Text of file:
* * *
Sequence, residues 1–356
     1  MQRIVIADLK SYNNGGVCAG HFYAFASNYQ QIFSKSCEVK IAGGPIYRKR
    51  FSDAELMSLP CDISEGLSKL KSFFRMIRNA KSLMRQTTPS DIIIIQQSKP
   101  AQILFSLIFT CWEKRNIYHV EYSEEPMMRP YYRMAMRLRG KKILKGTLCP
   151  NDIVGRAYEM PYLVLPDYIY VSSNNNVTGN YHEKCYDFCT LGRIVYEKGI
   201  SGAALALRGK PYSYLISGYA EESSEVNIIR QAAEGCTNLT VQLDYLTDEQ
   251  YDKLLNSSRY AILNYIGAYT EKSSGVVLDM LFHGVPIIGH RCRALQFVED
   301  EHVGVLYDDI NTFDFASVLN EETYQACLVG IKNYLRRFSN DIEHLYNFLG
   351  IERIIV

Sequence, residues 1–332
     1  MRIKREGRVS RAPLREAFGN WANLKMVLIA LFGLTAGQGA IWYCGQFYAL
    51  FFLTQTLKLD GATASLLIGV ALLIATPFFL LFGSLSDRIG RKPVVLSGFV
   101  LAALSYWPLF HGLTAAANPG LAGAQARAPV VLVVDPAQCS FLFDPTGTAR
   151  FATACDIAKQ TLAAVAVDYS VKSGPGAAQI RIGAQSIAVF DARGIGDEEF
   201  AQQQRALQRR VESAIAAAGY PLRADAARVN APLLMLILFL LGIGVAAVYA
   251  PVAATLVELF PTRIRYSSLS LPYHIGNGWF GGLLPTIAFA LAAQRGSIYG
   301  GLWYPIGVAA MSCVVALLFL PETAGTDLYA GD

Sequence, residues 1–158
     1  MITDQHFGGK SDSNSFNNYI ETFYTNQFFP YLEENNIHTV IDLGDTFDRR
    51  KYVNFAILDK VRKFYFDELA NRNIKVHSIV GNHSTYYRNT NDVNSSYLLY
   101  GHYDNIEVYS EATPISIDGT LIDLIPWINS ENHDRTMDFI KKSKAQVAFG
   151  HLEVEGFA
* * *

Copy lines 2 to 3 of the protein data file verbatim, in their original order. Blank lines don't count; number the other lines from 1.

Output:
     1  MQRIVIADLK SYNNGGVCAG HFYAFASNYQ QIFSKSCEVK IAGGPIYRKR
    51  FSDAELMSLP CDISEGLSKL KSFFRMIRNA KSLMRQTTPS DIIIIQQSKP